"Good Luck Australia"
France, Trenches 30th April, 1916
I'm a norful lucky bloke, for during the week, I got two letters from you and now this morning another mail has started to filter through, and I got yours of March 13th and a lovely parcel from you and the dear old nippers. Thank you oh so much. You just can't see how much I am enjoying the butterscotch in my capacious mouth at this present moment. It's a bit from Lesters. I will write and thank him as soon as ever it is poss. (Ernie has just blown along and is licking in also.)
We go out again tonight and will be stopping out for some time. The 6th Battalion is relieving us, the same crowd that we relieved on Gallipoli, and I don't think that we will be coming back to this position again but up toward Wipers (Ypres).
I'm glad my letter turned up telling you of the receipt of the Christmas parcel. Perhaps Amy's will turn up likewise. I hope so. It is very good of Mrs. Linton to interest herself in her unfortunate husband's Brigade. We did hear something about it. No doubt it will be a sort of information bureau also. Colonel Linton had stiff luck, didn't he?
I'm sorry to hear that Vic Smith is down with Rheumatiz, in any case I would not have seen him for a long time as we are only up to our 5th reinforcements, the others being goodness knows where.
You mention in your last letter that you are glad that we are not in fearful France, what a pity, but it's funny isn't it? And we are having the best time we've ever had. I'm writing this from the front fire trench, where my dugout is. It's a lovely sunshiny day, and there's a lark singing for all he's worth just over my head, and I can see right across the lovely green fields, almost to Fleurbaix. There's hardly a bullet fired. Occasionally a bomb arrives and either falls short, or else goes well over. So far this is the best war I've been to, and what with the mail coming in and bread and bacon for breakfast, I'm almost feeling happy. There are two Taubes, at least one Fokker and one Taub away over our heads, but they are not worrying us, but I suppose are just trying to find our guns, but they are well planted.
I'm so sorry to hear of all Mrs. Down's trouble. She does seem to have a lot and still is always the same. It would drive many a person crazy. I think she is a splendid woman.
I've just heard from Sister Ricketts, written from her sick bed. She is too faithful to her work and will kill herself.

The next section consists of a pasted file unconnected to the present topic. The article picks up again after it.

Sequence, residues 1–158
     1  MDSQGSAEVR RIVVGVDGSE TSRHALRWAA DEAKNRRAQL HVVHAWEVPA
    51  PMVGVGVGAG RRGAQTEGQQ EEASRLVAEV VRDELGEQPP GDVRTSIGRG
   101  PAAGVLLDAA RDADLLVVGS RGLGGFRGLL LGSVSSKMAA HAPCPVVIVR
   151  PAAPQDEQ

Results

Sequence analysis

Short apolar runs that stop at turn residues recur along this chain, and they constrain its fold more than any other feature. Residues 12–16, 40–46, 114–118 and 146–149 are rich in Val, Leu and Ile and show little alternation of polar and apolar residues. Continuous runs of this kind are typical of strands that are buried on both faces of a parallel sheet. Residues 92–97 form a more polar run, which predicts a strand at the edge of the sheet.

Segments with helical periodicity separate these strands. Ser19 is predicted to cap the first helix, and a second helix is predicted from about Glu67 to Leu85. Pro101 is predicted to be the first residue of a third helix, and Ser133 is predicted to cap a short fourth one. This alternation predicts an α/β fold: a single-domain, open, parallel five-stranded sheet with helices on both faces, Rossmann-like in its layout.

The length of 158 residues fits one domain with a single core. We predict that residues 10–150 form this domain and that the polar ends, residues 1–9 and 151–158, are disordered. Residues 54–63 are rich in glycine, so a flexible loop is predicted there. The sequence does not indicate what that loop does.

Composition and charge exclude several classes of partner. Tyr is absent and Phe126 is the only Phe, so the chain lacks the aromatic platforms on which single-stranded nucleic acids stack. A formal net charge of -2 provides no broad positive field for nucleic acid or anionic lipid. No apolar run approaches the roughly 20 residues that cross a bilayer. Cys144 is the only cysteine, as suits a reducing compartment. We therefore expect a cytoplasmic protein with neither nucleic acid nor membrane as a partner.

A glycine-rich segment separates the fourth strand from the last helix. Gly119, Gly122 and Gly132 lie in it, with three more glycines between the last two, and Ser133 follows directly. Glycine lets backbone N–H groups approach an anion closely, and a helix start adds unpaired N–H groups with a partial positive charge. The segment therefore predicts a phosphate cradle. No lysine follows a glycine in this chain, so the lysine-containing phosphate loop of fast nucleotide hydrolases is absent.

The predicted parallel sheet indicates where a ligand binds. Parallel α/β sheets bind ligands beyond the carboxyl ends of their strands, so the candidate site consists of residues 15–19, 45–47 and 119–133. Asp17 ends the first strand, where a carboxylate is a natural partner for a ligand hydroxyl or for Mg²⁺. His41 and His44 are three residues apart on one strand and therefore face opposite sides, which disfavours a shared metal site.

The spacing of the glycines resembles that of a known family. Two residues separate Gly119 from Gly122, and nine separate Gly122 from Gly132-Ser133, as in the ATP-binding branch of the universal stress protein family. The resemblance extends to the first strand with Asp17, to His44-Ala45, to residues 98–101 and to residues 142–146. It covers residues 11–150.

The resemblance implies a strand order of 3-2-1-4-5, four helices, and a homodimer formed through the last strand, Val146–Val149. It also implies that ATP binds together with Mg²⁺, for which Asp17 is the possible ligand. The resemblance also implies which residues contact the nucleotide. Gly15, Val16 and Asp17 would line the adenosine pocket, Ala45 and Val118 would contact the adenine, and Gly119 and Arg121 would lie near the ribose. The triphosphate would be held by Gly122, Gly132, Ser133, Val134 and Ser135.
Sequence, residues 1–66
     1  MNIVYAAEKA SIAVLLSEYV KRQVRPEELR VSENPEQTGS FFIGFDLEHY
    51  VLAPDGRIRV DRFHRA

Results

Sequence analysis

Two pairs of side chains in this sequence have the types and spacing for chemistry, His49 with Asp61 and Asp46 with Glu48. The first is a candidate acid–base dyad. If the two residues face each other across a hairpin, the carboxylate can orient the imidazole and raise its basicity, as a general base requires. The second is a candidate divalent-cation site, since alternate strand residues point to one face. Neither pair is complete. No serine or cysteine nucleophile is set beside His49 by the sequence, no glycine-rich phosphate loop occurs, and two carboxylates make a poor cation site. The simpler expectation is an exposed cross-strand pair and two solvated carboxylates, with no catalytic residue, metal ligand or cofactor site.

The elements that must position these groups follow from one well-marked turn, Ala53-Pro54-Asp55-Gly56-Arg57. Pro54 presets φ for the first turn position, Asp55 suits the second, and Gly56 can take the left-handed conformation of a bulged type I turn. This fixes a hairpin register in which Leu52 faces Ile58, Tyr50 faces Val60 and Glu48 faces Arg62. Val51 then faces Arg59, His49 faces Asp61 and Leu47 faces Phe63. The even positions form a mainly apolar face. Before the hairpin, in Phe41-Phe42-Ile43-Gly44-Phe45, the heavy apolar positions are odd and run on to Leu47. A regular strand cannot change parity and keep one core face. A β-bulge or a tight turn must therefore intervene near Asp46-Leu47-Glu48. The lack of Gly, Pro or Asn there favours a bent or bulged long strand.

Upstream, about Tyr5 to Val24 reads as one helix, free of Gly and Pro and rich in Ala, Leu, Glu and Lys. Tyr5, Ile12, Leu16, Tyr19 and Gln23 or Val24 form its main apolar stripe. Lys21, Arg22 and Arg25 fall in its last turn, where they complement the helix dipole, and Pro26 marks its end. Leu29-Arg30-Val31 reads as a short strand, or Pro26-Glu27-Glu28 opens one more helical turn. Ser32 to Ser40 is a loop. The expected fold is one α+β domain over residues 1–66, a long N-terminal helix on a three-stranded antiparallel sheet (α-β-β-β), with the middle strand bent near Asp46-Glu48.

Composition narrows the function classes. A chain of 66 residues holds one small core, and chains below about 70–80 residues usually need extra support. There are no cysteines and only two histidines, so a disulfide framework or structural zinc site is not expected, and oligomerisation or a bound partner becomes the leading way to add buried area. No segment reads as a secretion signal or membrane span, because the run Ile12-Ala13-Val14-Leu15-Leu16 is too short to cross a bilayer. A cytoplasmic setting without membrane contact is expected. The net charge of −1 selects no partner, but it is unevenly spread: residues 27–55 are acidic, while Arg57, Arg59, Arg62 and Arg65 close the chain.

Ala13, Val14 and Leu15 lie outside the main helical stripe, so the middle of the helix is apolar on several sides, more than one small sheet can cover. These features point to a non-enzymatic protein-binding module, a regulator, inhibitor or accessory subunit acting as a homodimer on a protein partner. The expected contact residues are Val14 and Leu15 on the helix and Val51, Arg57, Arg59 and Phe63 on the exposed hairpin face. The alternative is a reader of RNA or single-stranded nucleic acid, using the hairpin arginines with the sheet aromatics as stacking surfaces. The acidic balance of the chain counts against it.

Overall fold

There's is not very much news. We have had a pretty quiet trip in this time, with only two casualties to our Company, although the other boys have had some. We think that the Saxons must be in, for the Tommies told us that they never strafe you if you leave them alone and we only send over an occasional grenade, for we have got to do something and last night, before dark, they sent over an unlighted flare and attached to the stick was a piece of cloth with the words “Good Luck Australia” on. Of course that can be taken in two ways, can't it? I heard the flare fired and wondered what on earth they were firing over in the early evening for. Then I thought it might be a grenade but as no report came afterwards, I knew I was right in my original idea, and early yesterday morning a bonza little spaniel trotted over from the German lines – a great little dog too. A Coy's Stretcher bearers are looking after him and they have fitted him out with out with a gas helmet and identification disc.”Fritz 22nd Battn I.N.F. R.I.P” What the latter is for I'm sure I don't know. He's a terror on rats and they are the ones who ought to have R.I.P. on, but perhaps it's for the ones inside him.
We only had one “hurry up” and that was a gas alarm and a midnight bombardment. The gas didn't reach us but it was a bit lower down the line, but the shells did and were decidedly rotten. It's uncanny to be sitting under a bombardment with your gas helmet on, with the shells lobbing not too far away. We were sitting on the fire step with our guns on our knees wondering if Fritz would come over to see if anyone was hurt with the shells, but he didn't, and the rest of the night we put in taking a couple of chaps down to the Doctor.
It's daylight here at 3.30 am. And it's not too good turning out at that hour.
I will close now for the present, with much love and thanks.
Your affectionate son.